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A few years later, when the Berlin Wall fell, it was glorious to be coming of age as one. The promise of cosmopolitanism as a way to a better life might have been at its zenith, but it seemed only dawn. Big cities all over the world were swelling up with first-generation cosmopolitans like me, fleeing provincial worldviews.

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We flocked to places that promised not to put us in our place. Born out of the rubble of nationalism, it was primarily a humanistic project—not an economic one. It emphasized commonality of experience and tolerance of differences. It should make us realize people unlike us were humans just like us, and replace superstition and suspicion—the pillars of tribalism—with curiosity and compassion. If we would study, dine, and make out with peers from other countries, we would be less likely to bomb each other in the future. When the European Union received the Nobel Peace Prize in , I felt that my mum and dad should get a piece of it—and keep it next to the chip of Berlin Wall I had brought home two decades before.

By then, I was married to a woman born 15 miles from that first English town I lived in. Our parents did not share a language but had similar values. We taught in an academic institution that helps people live working lives across borders. And we had become alert to the skepticism about, and hostility towards, our way of life.


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Over the past few years, those have only grown. Having spent my life trying to become an educated cosmopolitan, I now fear that my generation has failed at cosmopolitanism, or worse, that we have failed cosmopolitanism. The animosity between locals and cosmopolitans is nothing new. It has shaped Western civilization since Ancient Greece. Now, it seems, they have split up, amplifying their differences and becoming locals in different tribes— a nationalist and a globalist one. Cosmopolitans have built their own tribe. A tribe of people unfit for tribalism, I once wrote. An inclusive, dispersed tribe—if such a thing exists—connected by unlimited international data plans and cheap airfare.

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But a tribe nonetheless. We commandeered big cities and settled tolerant enclaves like coffee shops, universities, and most of all, multinational corporations that let us make a living as we moved around. While its origin was political, cosmopolitanism made us unfit for national government.

Our lives were too mobile, our allegiances too unclear, our relationship to the state too ambivalent for us to be its trustworthy standard bearers. A cosmopolitan attitude comes with suspicion of people and politicians too tied to nation states, and makes us look suspicious to them in turn. But if politics could not pin us down, business set us up.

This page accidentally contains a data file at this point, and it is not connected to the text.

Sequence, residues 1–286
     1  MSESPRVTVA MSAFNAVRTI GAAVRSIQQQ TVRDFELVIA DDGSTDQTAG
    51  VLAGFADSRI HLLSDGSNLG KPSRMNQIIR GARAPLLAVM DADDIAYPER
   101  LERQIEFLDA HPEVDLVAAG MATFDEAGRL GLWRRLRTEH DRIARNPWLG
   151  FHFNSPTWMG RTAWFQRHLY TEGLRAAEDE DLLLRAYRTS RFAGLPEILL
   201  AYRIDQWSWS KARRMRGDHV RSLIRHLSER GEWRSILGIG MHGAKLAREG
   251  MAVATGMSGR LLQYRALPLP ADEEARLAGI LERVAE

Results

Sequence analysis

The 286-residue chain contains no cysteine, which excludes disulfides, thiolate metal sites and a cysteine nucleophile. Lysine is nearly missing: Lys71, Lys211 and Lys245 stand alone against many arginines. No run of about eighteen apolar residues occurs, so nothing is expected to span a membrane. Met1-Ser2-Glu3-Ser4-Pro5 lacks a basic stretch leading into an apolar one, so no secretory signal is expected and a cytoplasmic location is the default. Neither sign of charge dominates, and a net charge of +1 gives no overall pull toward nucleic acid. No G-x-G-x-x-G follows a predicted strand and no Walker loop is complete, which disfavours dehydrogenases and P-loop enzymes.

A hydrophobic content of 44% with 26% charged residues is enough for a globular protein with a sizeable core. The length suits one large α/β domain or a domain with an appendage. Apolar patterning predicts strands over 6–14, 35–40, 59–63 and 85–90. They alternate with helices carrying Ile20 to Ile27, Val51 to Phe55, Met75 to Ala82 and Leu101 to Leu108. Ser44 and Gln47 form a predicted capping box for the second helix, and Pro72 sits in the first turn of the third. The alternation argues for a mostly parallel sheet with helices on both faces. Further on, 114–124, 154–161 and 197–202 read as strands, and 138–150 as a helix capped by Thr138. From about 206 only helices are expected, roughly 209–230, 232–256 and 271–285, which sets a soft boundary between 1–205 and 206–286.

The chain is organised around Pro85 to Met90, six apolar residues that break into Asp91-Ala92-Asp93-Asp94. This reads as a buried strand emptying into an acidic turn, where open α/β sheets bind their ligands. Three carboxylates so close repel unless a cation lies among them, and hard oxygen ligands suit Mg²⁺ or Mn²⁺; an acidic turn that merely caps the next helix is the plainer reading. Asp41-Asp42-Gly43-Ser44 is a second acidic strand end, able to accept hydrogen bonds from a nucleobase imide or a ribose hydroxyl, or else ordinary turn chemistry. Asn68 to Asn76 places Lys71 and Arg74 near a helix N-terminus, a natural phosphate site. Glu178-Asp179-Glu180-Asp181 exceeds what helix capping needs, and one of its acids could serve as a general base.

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When globalization took off, we were ready. We had the mindset and skills needed to deal with and, let us face it, profit from the opening up of global markets. Cosmopolitan enthusiasm was redirected from a humanistic project to an economic one. We stopped taking marching orders from John Lennon and started taking them from Jack Welch. If most political leaders found imagining no countries very hard to do, it seemed almost too easy for corporate leaders to do so. Thus we became foot soldiers of globalization, setting out to turn the world into one of our cities.

In hindsight, that was not just overreach. It was a betrayal of the very essence of cosmopolitanism: being a citizen of a varied world. The wave of nationalism sweeping through the globe has been framed as a rejection of and a reaction to globalization. How would this impact society?

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The book begins and ends with the author's theory of how the "politics of envy" have turned the term "elitist" into a pejorative. Do you agree that the basis for populist wrath is not money, but scorn for intellectual distinction-making that says one idea, contribution, or attainment is better than another? Henry offers examples of presidential candidates playing to the "regular guy" image--Bush boasting his presumed taste for pork rinds and country music, Clinton jamming on MTV--rather than pointing to their accomplishments in first-rate academies.

Henry believes that this false chumminess, this playing down of individual achievement accomplished by intellectual rigor, makes it next to impossible for a leader to inspire citizens to better themselves. Defend or attack his position. If Henry is right, does this mean anti-intellectual America is entering a new Dark Age as Margaret Mead predicted, or is it simply a democratic nation responding sensitively to a growing underclass?

In the end Henry says Americans need not feel ashamed of the racism, sexism, and homophobia in their country's past: Human beings are an evolving species, morally as well as biologically. To get to where we are, we had to come from somewhere less humane. An imperfect world is not the same thing as a worthless one.

Do you feel this is a balm to ease a guilty conscience, or common sense? Compare our history to those of other nations. What skills, knowledge, or edge does Henry feel students lose when multicultural offerings aresubstituted? See All Customer Reviews. Shop Books. Read an excerpt of this book! Add to Wishlist. USD Sign in to Purchase Instantly.

About the Author William A. Henry III was a culture critic for Time magazine whose writing earned two Pulizer Prizes: one in for criticism and one he shared in for coverage of school desegregation in Boston. Henry passed away in June Reading Group Guide 1. Show More. Foreword 1. Average Review.

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